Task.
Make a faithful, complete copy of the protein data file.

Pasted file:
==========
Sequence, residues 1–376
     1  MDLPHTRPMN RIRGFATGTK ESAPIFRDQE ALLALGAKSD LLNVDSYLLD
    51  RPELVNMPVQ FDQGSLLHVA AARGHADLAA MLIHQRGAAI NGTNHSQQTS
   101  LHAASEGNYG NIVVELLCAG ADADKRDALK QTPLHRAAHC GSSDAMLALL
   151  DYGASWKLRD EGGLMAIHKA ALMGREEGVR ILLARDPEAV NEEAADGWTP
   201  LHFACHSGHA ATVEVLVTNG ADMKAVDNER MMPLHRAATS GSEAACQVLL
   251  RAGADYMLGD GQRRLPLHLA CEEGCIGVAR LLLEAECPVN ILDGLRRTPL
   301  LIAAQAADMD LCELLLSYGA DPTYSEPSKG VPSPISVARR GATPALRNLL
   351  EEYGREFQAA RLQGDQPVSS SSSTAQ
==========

Sequence, residues 1–376
     1  MDLPHTRPMN RIRGFATGTK ESAPIFRDQE ALLALGAKSD LLNVDSYLLD
    51  RPELVNMPVQ FDQGSLLHVA AARGHADLAA MLIHQRGAAI NGTNHSQQTS
   101  LHAASEGNYG NIVVELLCAG ADADKRDALK QTPLHRAAHC GSSDAMLALL
   151  DYGASWKLRD EGGLMAIHKA ALMGREEGVR ILLARDPEAV NEEAADGWTP
   201  LHFACHSGHA ATVEVLVTNG ADMKAVDNER MMPLHRAATS GSEAACQVLL
   251  RAGADYMLGD GQRRLPLHLA CEEGCIGVAR LLLEAECPVN ILDGLRRTPL
   301  LIAAQAADMD LCELLLSYGA DPTYSEPSKG VPSPISVARR GATPALRNLL
   351  EEYGREFQAA RLQGDQPVSS SSSTAQ